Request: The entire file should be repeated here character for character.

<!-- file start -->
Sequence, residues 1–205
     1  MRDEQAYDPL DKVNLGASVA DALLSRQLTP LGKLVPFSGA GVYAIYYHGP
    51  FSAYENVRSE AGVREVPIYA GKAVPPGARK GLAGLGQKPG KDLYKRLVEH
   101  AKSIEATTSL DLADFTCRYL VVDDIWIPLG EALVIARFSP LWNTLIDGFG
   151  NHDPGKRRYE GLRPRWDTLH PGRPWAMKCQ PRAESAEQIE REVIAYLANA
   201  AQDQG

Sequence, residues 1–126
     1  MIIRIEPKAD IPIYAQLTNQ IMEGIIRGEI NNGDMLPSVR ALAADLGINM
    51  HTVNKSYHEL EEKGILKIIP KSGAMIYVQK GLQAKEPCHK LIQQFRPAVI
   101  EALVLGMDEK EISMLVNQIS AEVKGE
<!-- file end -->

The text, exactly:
Sequence, residues 1–205
     1  MRDEQAYDPL DKVNLGASVA DALLSRQLTP LGKLVPFSGA GVYAIYYHGP
    51  FSAYENVRSE AGVREVPIYA GKAVPPGARK GLAGLGQKPG KDLYKRLVEH
   101  AKSIEATTSL DLADFTCRYL VVDDIWIPLG EALVIARFSP LWNTLIDGFG
   151  NHDPGKRRYE GLRPRWDTLH PGRPWAMKCQ PRAESAEQIE REVIAYLANA
   201  AQDQG

Sequence, residues 1–126
     1  MIIRIEPKAD IPIYAQLTNQ IMEGIIRGEI NNGDMLPSVR ALAADLGINM
    51  HTVNKSYHEL EEKGILKIIP KSGAMIYVQK GLQAKEPCHK LIQQFRPAVI
   101  EALVLGMDEK EISMLVNQIS AEVKGE